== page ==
September 15, 2020 at 4:48 pm

Hines Publishes on RNA-Targeted Drug Discovery

Dr. Jennifer Hines, portrait in lab

Dr. Jennifer Hines

Dr. Jennifer Hines recently published a paper on targeting small molecules to disrupt the regulatory function of bacterial RNA. Her research group, in collaboration with Dr. Stephen Bergmeier’s research group, investigated the effect that limiting molecule flexibility had on RNA binding and function.

“While the skeletal structure of RNA is very similar to that of DNA, the way RNA folds in to a three-dimensional structure is much more flexible and complex” says Hines, “Consequently, to better target the RNA it can be beneficial to limit the flexibility of the drug.”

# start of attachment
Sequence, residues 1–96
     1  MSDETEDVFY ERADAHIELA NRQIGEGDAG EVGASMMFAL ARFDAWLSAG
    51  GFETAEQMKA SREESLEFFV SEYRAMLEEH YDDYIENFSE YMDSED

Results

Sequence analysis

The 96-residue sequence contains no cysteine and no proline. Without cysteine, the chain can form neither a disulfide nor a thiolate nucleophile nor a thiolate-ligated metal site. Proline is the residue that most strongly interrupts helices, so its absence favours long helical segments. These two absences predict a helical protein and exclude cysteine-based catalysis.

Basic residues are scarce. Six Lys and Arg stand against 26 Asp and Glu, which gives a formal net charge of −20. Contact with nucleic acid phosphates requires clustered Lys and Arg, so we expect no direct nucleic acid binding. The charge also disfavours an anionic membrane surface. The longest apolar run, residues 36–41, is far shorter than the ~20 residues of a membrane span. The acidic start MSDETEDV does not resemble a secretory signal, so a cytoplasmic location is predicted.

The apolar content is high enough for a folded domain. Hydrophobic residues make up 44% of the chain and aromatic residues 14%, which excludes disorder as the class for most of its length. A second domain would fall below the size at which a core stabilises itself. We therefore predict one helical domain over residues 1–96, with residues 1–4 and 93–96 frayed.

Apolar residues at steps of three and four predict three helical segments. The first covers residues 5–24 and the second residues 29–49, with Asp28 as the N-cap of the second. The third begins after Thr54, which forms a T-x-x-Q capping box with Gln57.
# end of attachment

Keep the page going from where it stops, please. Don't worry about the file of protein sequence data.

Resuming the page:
In the recently published paper, this strategy was applied to an RNA element in the T-box Riboswitch, a target unique to bacteria. The work is  part of a long-term research project to develop novel antibacterial agents and was supported by the National Institutes of Health [grants #1R15GM132841-01and 1C06 RR14575-01], the National Science Foundation [MRI grants CHE1338000 and CHE1428787], and the Ohio University Baker Award.

“Even in the midst of the COVID-19 pandemic, bacterial resistance to current medicines  continues to be a very serious global health threat. We will use the results described in this paper to design the next generation of lead compounds in the hopes of ultimately finding new treatments for bacterial infections,” says Hines, professor of Chemistry & Biochemistry at Ohio University.

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